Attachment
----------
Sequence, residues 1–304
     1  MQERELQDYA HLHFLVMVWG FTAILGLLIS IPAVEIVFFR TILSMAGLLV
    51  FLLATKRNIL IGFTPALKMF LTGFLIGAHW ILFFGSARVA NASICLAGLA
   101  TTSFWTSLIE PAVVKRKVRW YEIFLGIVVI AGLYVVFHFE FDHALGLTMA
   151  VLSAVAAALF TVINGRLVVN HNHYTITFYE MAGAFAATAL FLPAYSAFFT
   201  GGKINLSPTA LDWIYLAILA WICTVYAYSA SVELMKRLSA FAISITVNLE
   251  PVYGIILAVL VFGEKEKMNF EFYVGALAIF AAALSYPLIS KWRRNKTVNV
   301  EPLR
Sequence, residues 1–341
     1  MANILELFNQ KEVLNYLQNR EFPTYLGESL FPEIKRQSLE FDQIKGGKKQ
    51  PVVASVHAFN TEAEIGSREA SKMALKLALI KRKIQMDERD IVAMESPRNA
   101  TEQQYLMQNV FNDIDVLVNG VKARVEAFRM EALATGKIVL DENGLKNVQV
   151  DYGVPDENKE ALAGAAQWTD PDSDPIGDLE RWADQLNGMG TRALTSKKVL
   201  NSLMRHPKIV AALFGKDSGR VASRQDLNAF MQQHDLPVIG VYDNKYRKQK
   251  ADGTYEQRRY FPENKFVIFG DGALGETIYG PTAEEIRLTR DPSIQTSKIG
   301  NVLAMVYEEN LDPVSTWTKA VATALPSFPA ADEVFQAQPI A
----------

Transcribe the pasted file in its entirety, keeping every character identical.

Sequence, residues 1–304
     1  MQERELQDYA HLHFLVMVWG FTAILGLLIS IPAVEIVFFR TILSMAGLLV
    51  FLLATKRNIL IGFTPALKMF LTGFLIGAHW ILFFGSARVA NASICLAGLA
   101  TTSFWTSLIE PAVVKRKVRW YEIFLGIVVI AGLYVVFHFE FDHALGLTMA
   151  VLSAVAAALF TVINGRLVVN HNHYTITFYE MAGAFAATAL FLPAYSAFFT
   201  GGKINLSPTA LDWIYLAILA WICTVYAYSA SVELMKRLSA FAISITVNLE
   251  PVYGIILAVL VFGEKEKMNF EFYVGALAIF AAALSYPLIS KWRRNKTVNV
   301  EPLR
Sequence, residues 1–341
     1  MANILELFNQ KEVLNYLQNR EFPTYLGESL FPEIKRQSLE FDQIKGGKKQ
    51  PVVASVHAFN TEAEIGSREA SKMALKLALI KRKIQMDERD IVAMESPRNA
   101  TEQQYLMQNV FNDIDVLVNG VKARVEAFRM EALATGKIVL DENGLKNVQV
   151  DYGVPDENKE ALAGAAQWTD PDSDPIGDLE RWADQLNGMG TRALTSKKVL
   201  NSLMRHPKIV AALFGKDSGR VASRQDLNAF MQQHDLPVIG VYDNKYRKQK
   251  ADGTYEQRRY FPENKFVIFG DGALGETIYG PTAEEIRLTR DPSIQTSKIG
   301  NVLAMVYEEN LDPVSTWTKA VATALPSFPA ADEVFQAQPI A